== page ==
Anonymous More than 1 year ago
"Helen Keller: The Story of My Life" is a book that I will never forget. It is the very touching story of Helen Keller and how she came to be the women that she was. This is one story that I believe everybody should read, it has inspired me to enjoy the senses that I have that she didn't. This is one lady that cannot be stopped, the amount of things she achieved in her lifetime from improving the quality of deaf and blind person's lives. She managed to graduate college and she was missing the two most important senses a person can have. She couldn't see or hear for Christ's sakes. This is a perfect example of anybody with a desire to better themselves can do it. This statement is how Helen Keller lived every day; even with her disabilities. Anybody who enjoys reading about hardship would enjoy this book because I believe that Helen Keller embodies struggle and perseverance. One thing I didn't like about the book is that it is very sad, and while this couldn't be changed because it is real life, it still is something that I don't like in a book. The book tells of her experiences, her struggles through her own eyes. This book was a very enjoyable read, the trials that Helen Keller went through are incredible and her life was very interesting.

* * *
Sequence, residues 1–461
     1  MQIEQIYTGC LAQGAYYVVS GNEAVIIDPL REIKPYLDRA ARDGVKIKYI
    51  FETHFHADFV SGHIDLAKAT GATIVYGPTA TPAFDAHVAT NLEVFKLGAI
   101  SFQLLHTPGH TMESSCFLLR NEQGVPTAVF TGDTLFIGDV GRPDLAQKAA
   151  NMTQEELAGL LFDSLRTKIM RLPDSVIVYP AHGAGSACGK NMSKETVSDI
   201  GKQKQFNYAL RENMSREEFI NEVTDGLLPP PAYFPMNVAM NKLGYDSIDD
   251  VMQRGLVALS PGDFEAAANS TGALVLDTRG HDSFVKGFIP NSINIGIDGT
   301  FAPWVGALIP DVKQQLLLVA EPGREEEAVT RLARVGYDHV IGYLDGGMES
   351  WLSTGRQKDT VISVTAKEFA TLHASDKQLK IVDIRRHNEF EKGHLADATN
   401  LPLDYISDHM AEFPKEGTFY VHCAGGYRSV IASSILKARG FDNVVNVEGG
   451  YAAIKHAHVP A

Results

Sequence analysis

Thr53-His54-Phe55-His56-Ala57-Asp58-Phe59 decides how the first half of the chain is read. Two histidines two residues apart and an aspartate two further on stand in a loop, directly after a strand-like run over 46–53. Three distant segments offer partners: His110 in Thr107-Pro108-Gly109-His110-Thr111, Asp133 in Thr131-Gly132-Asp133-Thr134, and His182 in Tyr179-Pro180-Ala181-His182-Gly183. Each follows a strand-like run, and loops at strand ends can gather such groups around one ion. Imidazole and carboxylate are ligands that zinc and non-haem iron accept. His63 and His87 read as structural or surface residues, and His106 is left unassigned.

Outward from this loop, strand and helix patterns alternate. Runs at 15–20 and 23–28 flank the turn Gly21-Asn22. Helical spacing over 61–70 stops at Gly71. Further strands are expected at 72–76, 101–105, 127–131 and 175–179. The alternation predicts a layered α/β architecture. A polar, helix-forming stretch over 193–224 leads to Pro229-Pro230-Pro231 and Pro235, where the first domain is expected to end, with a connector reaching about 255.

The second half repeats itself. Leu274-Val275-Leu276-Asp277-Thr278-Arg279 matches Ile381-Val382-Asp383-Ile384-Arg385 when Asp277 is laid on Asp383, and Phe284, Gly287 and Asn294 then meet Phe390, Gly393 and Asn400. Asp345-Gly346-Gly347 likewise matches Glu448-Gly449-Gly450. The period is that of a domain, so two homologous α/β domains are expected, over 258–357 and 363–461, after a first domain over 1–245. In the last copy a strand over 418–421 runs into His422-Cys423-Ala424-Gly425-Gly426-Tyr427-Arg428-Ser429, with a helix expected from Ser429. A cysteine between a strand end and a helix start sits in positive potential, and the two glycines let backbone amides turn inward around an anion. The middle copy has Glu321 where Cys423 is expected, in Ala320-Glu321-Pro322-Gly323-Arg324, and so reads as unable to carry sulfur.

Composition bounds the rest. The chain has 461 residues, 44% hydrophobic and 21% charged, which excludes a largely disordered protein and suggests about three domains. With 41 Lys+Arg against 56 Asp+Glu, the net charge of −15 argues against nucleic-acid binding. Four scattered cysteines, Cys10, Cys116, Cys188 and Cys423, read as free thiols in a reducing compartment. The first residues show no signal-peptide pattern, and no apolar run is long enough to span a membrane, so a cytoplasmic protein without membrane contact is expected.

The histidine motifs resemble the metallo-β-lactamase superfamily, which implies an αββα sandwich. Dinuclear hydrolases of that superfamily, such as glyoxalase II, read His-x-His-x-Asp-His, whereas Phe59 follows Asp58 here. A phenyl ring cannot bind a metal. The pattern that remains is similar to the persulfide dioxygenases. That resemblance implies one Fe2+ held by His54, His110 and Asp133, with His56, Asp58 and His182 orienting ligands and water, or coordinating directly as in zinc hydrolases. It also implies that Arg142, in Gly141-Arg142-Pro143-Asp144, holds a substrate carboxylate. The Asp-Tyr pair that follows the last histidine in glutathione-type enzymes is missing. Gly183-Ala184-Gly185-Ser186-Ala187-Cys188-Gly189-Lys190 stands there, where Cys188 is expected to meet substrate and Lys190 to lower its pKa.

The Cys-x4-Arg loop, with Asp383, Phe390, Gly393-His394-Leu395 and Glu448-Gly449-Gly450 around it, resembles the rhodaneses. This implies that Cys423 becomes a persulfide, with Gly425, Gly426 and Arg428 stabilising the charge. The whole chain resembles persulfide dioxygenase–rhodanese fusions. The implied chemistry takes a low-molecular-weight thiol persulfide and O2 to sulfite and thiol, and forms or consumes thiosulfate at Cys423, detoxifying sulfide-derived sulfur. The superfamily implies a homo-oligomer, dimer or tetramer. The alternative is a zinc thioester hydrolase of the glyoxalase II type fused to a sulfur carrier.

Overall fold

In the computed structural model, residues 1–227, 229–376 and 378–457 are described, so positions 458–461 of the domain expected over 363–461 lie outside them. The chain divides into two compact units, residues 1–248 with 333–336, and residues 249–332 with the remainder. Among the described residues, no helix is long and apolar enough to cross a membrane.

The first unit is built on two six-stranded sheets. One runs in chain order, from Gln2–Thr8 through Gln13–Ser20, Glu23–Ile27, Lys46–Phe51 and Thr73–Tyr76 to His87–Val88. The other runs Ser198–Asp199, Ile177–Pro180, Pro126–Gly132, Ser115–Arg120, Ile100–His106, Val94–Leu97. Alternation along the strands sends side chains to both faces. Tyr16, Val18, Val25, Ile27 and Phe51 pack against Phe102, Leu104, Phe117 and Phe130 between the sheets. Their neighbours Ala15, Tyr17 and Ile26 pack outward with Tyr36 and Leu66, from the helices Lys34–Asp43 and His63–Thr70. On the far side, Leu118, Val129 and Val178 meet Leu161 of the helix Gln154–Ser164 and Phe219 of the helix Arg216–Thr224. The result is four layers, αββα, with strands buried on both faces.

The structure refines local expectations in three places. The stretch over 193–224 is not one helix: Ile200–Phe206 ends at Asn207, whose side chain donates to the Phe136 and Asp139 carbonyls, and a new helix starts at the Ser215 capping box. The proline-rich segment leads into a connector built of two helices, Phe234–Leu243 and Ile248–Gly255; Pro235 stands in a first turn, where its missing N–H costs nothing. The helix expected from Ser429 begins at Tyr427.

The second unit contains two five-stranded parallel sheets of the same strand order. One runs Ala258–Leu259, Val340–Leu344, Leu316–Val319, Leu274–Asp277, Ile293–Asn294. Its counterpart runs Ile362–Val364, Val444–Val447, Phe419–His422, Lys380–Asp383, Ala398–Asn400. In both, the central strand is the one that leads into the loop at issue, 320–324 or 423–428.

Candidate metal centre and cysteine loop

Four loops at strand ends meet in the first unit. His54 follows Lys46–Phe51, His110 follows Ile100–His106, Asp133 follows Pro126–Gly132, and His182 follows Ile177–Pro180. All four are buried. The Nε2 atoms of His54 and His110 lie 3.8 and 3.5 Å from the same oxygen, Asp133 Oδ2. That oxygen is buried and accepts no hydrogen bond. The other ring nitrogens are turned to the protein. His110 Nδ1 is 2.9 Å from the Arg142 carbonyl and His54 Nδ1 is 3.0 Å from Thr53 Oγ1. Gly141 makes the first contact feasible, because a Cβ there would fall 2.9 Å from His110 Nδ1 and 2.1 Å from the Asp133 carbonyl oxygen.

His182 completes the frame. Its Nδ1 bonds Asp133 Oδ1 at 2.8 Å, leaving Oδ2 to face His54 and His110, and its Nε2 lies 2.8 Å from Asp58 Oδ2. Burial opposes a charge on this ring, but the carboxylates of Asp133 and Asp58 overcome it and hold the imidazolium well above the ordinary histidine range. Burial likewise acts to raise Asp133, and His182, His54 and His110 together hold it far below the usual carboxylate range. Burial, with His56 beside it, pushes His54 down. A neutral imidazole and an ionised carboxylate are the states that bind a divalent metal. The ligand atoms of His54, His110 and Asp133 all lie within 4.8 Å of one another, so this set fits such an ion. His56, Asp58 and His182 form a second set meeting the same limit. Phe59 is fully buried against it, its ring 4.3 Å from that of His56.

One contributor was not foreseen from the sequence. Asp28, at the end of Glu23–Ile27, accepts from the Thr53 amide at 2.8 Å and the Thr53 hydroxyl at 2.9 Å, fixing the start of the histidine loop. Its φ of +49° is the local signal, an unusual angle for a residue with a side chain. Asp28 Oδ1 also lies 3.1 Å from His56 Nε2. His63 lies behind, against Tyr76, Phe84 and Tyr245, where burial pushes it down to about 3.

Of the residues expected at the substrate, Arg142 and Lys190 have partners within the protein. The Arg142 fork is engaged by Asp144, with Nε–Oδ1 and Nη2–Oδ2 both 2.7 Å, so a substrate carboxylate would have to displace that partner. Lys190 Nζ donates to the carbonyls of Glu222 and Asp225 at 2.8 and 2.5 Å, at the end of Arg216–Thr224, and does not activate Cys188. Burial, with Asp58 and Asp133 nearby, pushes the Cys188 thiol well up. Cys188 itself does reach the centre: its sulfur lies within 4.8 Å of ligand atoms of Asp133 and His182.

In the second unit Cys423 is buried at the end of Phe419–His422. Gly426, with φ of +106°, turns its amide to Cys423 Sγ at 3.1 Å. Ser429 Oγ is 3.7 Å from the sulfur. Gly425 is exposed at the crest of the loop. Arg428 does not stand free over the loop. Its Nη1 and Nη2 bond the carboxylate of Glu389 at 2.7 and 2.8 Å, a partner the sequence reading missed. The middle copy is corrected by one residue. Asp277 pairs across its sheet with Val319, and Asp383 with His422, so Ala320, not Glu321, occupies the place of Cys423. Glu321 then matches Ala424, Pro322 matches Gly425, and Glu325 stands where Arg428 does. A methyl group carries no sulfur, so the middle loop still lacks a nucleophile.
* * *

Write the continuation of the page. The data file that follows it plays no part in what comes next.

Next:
Guest More than 1 year ago
Helen Keller was a person whose life was the drama--she did not seek drama as the silly celebrities of today. And that is what makes this a great read with a genuine voice, inspiring in a quiet complex way. I felt it was a rare gem to be reread at different points in our lives.
Guest More than 1 year ago
This book wasn't as thrilling as I would have personally preferred, but it was very interesting never the less. She speaks very deeply of her emotions for the beauty that she can neither see or hear but can still feel and understand in a totally different way. For the majority of the book she's talking about her education. Which I totally think is cool because of her disability and such, but it's not really all that thrilling. I don't want to be a total nimrod, but after a while talking about exams becomes a little uninteresting. Overall, I would recomend this book to people that enjoy a peaceful book, and one who enjoys autobiographicals of the past.
Anonymous More than 1 year ago
Is it a good book or a bad book please respond through ratings plz is it a:-) or a :-(
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Anonymous More than 1 year ago
I love helen but dont buy it if u hve a nook tablet! All u c is white pages! Dont buy for nook tablet
Anonymous More than 1 year ago
Anonymous More than 1 year ago
It said things I didn't even knew about Hellen.
baby_girlML More than 1 year ago
this book is cool.
Guest More than 1 year ago
my opinion about the story of my life by Hale Keller is okay because to me I don¿t like to reed autobiography, but even so I like it a little.